canadian housing overvalued

Photo: Adam Jones/Flickr

Although 2014 certainly saw its share of broken records for home prices across the country, the results of a new poll from Nanos Research and Bloomberg points to less optimism about the future of the Canadian real estate market.

The number of respondents who believe home prices will continue rising fell to 31.1 per cent last week, from 47 per cent in the July survey. It’s the lowest level seen among Canadian households since May 2013.

In this week’s Bloomberg Nanos Canadian Confidence Index, Nanos Research Group Chairman Nik Nanos also noted that perceptions of both the future strength of the Canadian economy and the value of real estate are five points below the six-year average.

He told Bloomberg News, “Any negative changes in real estate values coupled with low oil prices could be a one-two punch for Canadian consumer sentiment.” The pollster also suggested that the repeated warnings of housing overvaluation has effected public opinion.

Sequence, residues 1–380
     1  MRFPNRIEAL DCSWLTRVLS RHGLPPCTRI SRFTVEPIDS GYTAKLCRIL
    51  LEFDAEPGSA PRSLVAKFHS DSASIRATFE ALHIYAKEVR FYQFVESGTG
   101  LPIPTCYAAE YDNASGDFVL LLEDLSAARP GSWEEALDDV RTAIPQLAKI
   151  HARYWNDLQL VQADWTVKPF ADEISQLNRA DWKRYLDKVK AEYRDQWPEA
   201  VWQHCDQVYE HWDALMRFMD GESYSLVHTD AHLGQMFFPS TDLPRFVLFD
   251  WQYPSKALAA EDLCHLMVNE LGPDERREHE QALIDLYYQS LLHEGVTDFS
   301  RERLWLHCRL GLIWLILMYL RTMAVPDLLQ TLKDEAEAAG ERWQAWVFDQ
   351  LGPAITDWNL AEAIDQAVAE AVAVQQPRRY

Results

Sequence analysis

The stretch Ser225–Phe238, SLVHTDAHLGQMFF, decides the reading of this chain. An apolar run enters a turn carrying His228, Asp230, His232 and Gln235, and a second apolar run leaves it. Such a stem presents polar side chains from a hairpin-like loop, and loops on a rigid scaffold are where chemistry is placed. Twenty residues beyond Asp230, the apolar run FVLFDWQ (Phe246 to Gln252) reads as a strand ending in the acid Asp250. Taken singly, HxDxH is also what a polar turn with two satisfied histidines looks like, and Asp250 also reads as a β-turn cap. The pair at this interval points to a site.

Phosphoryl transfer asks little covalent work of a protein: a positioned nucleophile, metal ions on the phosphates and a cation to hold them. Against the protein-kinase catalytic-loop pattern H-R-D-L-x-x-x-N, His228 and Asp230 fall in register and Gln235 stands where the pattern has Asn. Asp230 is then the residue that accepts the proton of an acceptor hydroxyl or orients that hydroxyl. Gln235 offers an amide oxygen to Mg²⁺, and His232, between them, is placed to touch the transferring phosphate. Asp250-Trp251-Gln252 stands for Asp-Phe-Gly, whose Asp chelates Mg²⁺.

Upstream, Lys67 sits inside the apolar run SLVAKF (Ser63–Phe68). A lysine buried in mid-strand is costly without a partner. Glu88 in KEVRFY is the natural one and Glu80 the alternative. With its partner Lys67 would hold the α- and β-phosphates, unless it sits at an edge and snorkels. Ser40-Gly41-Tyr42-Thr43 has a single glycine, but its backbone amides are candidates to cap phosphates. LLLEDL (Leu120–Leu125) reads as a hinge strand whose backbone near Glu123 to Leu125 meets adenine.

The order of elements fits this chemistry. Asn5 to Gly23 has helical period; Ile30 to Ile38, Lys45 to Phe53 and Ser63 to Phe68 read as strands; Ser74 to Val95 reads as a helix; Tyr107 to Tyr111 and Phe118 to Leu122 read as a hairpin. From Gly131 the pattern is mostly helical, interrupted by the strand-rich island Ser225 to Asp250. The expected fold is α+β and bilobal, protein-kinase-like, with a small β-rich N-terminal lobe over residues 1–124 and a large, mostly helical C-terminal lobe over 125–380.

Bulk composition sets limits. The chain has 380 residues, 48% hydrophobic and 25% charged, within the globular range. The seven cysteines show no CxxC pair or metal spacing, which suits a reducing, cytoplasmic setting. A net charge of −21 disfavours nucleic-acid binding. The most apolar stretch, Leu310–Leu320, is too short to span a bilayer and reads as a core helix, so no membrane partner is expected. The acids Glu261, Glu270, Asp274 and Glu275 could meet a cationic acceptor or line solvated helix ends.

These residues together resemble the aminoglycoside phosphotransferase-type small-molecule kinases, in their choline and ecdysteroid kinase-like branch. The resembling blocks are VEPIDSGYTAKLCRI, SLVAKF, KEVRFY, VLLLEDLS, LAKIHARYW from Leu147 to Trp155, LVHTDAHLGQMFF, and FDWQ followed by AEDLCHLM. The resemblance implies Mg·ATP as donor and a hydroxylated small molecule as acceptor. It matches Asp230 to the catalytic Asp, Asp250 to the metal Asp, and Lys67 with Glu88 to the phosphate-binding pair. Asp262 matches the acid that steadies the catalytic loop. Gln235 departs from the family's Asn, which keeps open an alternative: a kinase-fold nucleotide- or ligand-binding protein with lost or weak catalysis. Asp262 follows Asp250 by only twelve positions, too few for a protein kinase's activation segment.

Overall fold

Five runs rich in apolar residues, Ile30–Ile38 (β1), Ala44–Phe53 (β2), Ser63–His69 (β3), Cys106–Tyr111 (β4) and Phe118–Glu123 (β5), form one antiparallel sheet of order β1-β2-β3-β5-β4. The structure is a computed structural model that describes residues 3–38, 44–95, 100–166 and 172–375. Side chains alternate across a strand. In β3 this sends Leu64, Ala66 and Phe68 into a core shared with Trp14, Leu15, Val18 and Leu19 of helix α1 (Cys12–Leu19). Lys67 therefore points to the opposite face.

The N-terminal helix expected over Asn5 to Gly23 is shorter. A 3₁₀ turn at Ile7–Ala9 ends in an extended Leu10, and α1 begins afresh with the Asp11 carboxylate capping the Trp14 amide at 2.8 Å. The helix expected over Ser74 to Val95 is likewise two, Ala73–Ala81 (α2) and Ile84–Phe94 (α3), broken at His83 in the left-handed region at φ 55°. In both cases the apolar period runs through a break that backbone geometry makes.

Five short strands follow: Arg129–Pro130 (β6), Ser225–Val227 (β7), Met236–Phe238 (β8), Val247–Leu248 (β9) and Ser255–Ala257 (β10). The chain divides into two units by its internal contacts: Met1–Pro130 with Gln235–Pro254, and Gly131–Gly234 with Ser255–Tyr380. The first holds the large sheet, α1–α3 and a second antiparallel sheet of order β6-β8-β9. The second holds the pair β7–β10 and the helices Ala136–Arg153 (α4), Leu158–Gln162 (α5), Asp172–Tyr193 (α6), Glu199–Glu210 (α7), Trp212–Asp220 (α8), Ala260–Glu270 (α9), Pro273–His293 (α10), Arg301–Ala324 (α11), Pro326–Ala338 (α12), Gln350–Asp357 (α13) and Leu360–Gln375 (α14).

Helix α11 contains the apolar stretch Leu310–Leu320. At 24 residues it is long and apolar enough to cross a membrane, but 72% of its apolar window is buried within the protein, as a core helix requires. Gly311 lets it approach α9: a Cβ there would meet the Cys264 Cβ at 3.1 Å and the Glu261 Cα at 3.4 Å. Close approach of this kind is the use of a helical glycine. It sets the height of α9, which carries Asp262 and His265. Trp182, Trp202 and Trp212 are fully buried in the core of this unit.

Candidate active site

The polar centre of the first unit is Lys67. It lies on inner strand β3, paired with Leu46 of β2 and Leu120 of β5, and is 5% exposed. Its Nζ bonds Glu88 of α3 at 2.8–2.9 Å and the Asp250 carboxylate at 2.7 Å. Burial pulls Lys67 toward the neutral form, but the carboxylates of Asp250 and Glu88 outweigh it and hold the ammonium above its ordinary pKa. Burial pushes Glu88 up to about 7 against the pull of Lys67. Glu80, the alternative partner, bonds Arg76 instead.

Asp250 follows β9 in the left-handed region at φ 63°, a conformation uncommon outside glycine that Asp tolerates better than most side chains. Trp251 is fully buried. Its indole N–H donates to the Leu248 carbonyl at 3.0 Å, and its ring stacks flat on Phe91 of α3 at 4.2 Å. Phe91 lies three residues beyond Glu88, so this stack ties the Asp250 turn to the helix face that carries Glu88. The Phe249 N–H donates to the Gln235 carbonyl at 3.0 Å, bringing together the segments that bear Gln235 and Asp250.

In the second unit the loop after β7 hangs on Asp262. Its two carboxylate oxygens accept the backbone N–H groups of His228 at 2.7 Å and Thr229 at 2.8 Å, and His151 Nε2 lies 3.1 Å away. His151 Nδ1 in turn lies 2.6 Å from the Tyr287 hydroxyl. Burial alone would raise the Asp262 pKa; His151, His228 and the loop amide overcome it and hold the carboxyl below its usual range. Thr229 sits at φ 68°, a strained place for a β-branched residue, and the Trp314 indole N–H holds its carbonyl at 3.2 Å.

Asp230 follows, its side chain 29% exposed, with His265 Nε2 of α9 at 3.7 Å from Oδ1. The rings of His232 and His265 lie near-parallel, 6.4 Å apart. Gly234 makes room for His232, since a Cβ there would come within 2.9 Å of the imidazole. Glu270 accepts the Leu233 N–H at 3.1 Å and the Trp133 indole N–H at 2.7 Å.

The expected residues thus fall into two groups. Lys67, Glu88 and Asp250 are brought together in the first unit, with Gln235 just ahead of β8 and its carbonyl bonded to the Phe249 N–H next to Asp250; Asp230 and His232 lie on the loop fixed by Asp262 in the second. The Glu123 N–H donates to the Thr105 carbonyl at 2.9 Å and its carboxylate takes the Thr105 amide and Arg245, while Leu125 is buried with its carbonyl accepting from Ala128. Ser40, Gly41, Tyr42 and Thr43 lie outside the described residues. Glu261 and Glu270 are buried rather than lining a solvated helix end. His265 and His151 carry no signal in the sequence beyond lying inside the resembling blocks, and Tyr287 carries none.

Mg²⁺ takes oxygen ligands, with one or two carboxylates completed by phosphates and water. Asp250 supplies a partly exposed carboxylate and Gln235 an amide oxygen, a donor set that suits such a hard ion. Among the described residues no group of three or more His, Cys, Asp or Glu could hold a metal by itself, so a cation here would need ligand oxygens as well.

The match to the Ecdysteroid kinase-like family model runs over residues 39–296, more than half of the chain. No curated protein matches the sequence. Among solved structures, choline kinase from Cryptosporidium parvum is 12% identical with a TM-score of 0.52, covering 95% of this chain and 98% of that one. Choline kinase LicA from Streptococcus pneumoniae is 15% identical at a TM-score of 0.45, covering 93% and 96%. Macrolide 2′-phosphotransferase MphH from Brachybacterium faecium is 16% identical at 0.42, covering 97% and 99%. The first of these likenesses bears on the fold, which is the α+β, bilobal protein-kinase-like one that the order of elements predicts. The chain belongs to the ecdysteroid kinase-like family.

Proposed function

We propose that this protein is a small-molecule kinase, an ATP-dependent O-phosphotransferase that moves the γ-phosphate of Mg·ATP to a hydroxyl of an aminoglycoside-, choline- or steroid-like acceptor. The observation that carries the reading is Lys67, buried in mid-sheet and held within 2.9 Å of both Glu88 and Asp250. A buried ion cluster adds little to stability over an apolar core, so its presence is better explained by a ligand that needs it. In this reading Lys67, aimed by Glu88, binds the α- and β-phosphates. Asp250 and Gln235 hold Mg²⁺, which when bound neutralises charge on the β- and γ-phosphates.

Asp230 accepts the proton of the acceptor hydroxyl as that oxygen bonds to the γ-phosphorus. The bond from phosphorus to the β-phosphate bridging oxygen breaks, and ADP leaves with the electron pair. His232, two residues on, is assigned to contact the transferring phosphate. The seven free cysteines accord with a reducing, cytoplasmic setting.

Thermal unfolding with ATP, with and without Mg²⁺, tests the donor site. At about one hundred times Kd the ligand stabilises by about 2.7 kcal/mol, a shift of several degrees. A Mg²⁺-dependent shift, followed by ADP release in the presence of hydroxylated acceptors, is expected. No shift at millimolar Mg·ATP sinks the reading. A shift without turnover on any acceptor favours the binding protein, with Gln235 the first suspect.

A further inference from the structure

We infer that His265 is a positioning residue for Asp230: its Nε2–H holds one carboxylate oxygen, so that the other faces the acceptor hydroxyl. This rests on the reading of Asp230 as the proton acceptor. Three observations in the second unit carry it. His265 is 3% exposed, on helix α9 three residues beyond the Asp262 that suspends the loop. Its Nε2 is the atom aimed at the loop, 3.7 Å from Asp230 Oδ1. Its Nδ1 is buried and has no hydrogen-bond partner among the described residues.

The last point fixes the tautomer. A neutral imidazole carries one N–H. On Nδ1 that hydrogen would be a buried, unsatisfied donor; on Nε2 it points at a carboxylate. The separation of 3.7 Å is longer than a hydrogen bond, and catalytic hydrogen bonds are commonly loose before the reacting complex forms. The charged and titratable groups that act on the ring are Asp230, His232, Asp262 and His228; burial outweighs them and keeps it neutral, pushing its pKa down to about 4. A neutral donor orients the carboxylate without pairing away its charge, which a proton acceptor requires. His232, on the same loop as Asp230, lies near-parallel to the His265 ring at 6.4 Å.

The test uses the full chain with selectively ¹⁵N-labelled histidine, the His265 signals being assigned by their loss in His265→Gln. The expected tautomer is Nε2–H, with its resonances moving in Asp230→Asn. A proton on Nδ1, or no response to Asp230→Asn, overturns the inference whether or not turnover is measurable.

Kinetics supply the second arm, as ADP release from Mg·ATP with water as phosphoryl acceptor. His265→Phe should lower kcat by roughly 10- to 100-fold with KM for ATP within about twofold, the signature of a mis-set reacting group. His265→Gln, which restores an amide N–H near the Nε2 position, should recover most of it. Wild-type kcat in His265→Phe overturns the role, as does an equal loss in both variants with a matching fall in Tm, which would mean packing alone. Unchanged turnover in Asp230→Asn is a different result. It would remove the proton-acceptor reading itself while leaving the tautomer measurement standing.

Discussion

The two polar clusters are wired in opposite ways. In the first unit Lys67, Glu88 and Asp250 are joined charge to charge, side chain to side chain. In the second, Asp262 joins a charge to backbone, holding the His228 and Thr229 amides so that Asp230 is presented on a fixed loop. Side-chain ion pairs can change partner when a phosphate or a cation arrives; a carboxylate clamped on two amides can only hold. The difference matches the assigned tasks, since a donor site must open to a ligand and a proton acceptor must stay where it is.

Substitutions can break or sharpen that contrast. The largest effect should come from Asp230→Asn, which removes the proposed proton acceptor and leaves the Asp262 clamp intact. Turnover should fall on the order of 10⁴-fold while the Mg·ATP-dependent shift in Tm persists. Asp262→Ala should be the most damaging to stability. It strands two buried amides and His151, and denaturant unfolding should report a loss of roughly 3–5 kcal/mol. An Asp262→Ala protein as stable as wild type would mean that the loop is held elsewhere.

There are still some believers: 31.1 per cent predicted house prices would rise. The poll also indicated 52.79 of respondents forecast prices would stay the same, 13.45 said prices would drop and 2.69 didn’t know.

The plunge in oil prices has not gone unnoticed by the big banks.

In a report released by TD Economics on December 17, 2014, the bank suggested Calgary’s housing market was “particularly vulnerable” to an economic slowdown.

The provincial outlook also stated that “provided that oil prices begin to grind higher later next year, we do not expect a major shake-up in job and housing markets relative to our October forecast in the oil-producing provinces of Canada.”

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